Now you might think with my current girth that this would be a real tragedy. Nowadays I'd fit right in with the morbidly obese men that protect the quarterback (the thrower guy for our non-US readers) from the other morbidly obese, but slightly more agile, defensive players trying to knock him out. Yet I was not always such a glutton. Indeed there was a time where one might have described me charitably as lithe. If you were feeling less charitable you'd wonder how I'd survived the Ethiopian famine. That said I still loved football. Our lack of a team led us to playing in my friend's field (payment was haying it whenever necessary (not a pleasant experience for my allergies, I sneezed black afterwards)). We played a brutal version of the game that was more like rugby than football but with forward passing. In all honesty I'm surprised that we didn't seriously hurt each other.

Fast forward a gazillion years to today (or six weeks ago) and you'll understand my great joy when my father-in-law invited me to attend a pre-season game between the Pittsburgh Steelers and the Washington Redskins (Steelers named after the noble union men of the steel working industry in Pennsylvania, the Redskins the pejorative term given to the aboriginal peoples of the Americas by their white Anglo-European oppressors.). Wife was conveniently out of town visiting her sister's dog (oh and I guess someone had a baby too?).

You can imagine, given my love of the game, my great joy in seeing the stadium at FedEx Field open up before my eyes.



More to the point though is the manner in which we watched the game. You'll notice from the vantage point of the above photo that we're not in the lower bowl. As much as one might think I was disappointed by this because obviously the lower bowl seats are the best seats, right? Wrong. Well there may be an appeal to sitting on the 50 yard line, those seats pail in comparison to the joy of the corporate box, which is where my wonderful father-in-law had us seated.

Why would a higher seat be better you ask? Well remember my gluttony? That's right we had a fully catered luxury corporate box. The view of the field was wonderful...well at least those times I could pull myself away from the Italian sausage! Oh and I think Pittsburgh won the game.....maybe.



Also just wanted to welcome the Collins family into the world of blogging. Check out their blog.

Monday, September 10, 2007

Ode to 30

Autumn and I ache,
In my bones, muscles, and mind;
Oh Damnable thirty!
Haikus never made much sense to me. Unlike most western poetry forms there's no rhyme or storytelling ability. Perhaps the haiku loses something when employed in a language other than Japanese. Still it seems more like a literary form designed to teach abstract moral lessons, kind of like the books of Proverbs and Ecclesiastes.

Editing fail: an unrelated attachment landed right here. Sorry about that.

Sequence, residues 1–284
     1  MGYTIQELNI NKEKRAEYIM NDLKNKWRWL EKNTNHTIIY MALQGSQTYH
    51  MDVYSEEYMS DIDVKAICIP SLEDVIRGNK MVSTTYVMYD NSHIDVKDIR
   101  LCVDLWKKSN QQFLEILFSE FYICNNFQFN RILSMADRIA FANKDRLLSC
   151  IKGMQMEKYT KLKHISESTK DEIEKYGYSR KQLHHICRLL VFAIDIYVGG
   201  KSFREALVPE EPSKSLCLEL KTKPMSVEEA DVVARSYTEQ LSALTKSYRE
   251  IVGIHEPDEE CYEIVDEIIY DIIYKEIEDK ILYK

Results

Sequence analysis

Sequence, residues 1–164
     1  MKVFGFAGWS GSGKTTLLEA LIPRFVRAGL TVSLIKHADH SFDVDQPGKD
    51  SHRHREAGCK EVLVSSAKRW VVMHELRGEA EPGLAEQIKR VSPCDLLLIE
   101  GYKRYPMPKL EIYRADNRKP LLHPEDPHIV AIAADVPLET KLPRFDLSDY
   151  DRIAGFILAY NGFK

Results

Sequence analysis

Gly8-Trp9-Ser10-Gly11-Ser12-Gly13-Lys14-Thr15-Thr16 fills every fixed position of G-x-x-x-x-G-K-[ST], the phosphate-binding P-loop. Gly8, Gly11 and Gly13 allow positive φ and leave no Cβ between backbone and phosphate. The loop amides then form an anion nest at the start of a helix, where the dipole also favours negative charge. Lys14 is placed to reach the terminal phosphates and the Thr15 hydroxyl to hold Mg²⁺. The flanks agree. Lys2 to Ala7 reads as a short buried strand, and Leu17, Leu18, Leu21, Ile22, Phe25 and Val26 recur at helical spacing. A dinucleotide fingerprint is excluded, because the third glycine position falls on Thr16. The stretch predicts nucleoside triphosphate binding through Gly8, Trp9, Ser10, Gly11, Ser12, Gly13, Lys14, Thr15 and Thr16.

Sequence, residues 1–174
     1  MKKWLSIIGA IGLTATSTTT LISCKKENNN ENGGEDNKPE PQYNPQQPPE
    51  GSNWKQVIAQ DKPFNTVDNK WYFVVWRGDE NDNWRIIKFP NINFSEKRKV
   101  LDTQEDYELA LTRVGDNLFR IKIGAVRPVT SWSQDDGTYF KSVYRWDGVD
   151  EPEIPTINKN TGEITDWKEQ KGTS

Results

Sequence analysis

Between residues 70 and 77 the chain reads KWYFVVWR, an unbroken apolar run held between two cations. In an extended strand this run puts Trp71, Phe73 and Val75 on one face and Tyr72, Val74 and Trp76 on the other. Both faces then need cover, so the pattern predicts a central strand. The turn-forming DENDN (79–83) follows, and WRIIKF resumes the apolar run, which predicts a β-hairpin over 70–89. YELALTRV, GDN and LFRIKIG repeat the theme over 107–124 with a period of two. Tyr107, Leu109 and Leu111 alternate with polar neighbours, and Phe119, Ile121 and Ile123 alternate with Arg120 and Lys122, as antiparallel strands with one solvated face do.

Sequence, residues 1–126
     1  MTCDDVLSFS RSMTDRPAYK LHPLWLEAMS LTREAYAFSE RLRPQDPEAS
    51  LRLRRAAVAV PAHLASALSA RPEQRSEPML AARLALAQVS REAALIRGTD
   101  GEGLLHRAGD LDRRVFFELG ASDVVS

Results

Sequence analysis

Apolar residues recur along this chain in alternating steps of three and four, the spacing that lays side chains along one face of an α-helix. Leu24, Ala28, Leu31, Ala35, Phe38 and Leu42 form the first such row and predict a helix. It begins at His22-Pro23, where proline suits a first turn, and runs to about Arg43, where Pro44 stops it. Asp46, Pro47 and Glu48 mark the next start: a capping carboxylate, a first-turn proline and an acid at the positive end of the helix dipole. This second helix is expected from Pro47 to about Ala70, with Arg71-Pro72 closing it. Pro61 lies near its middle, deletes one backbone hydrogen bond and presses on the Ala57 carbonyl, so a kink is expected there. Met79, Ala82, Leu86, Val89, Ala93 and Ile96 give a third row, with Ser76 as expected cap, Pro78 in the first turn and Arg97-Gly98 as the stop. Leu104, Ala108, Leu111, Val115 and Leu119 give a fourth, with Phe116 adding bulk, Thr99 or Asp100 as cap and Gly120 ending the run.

Still the reason I start with a haiku tonight is to announce a tragedy. Time, that unstoppable force, the great riddle that almost cost Bilbo his life (No I'm not going to reference it, you should know it on your own! Shame on you for not reading the Hobbit religiously!), that great equalizer of men, has rendered my youth like a candle-maker renders tallow. He's left me a weak, dessicated, shell of a man, hobbling my way to dotage, senility, and impotence. Yes that's right, I just turned 30 and I'm bitter.

Okay I'm not really bitter about turning 30, it happens to everyone. Why take our regular commenter Roy@CM, he's ancient at the ripe old age of 31. At least I'm not that old. I am bitter however because of how we celebrated my birthday. I decided to do what my brother did when he turned 30. I got tickets to see the Boston Red Sox play at Fenway (baseball again our foreign readers). To make it better I got tickets to see my Sox play Wife's beloved Orioles. This was a risk free proposition because Wife would be happy to see both teams and I'd be guaranteed to see the Sox win because the O's suck as bad as one can suck (but worse because they're a team and suckiness grows exponentially when in a team structure). But sadly it was not to be.

Wife booked us a wonderful hotel in Cambridge. We had a gluttonous birthday dinner with our friends John and Mia at the Cheesecake Factory. No better way to celebrate your birth than by gorging yourself, especially with cheesecake.

Which brings us to a good point. There are seminal moments in world history. There is the harnessing of fire, the taming of the horse, the invention of the printing press, the time when some brilliant mind decided to use gunpowder to make fireworks. Among these is the moment when some brilliant man thought a whole restaurant chain could be designed around that most excellent of desserts, Cheesecake. To you good sir, I pay hommage.



In any case the next day we spent a lovely morning at the Museum of Science in Cambridge. Very nice though I thought the T-Rex would eat me.

It's a hands on museum so I'm sure I would have appreciated it more if we had kids. They did have an electrical show that was fun, though without the Young Frankenstein effects I was hoping for.

Then it was into town for a quick pop to the IMax to see if 3-D movies really are like giant magic eye movies (they are). And then we were off to the stadium. I have to say for a stadium built in 1912, it is in surprisingly good shape. In fact there's not a bad seat in the whole park. Not only that but it's holy ground. Seeing that 2004 banner...well I can say my wedding was better but not by much! Sorry honey but it was super cool.


The only bad parts of the whole day were not seeing my name on the score board wishing me a happy b-day and the final score. Otherwise I can say that my aged mind/body/soul are at peace for having made my hajj. They'd all just be more at peace if I could have gone Saturday and seen the Sox nohit the O's.

Here's a video someone put together from the game. Please note that the entire stadium sings Sweet Caroline during the 8th inning, so thus the song. I thought it fitting song for wife, even though she keeps mocking the fact that my team lost.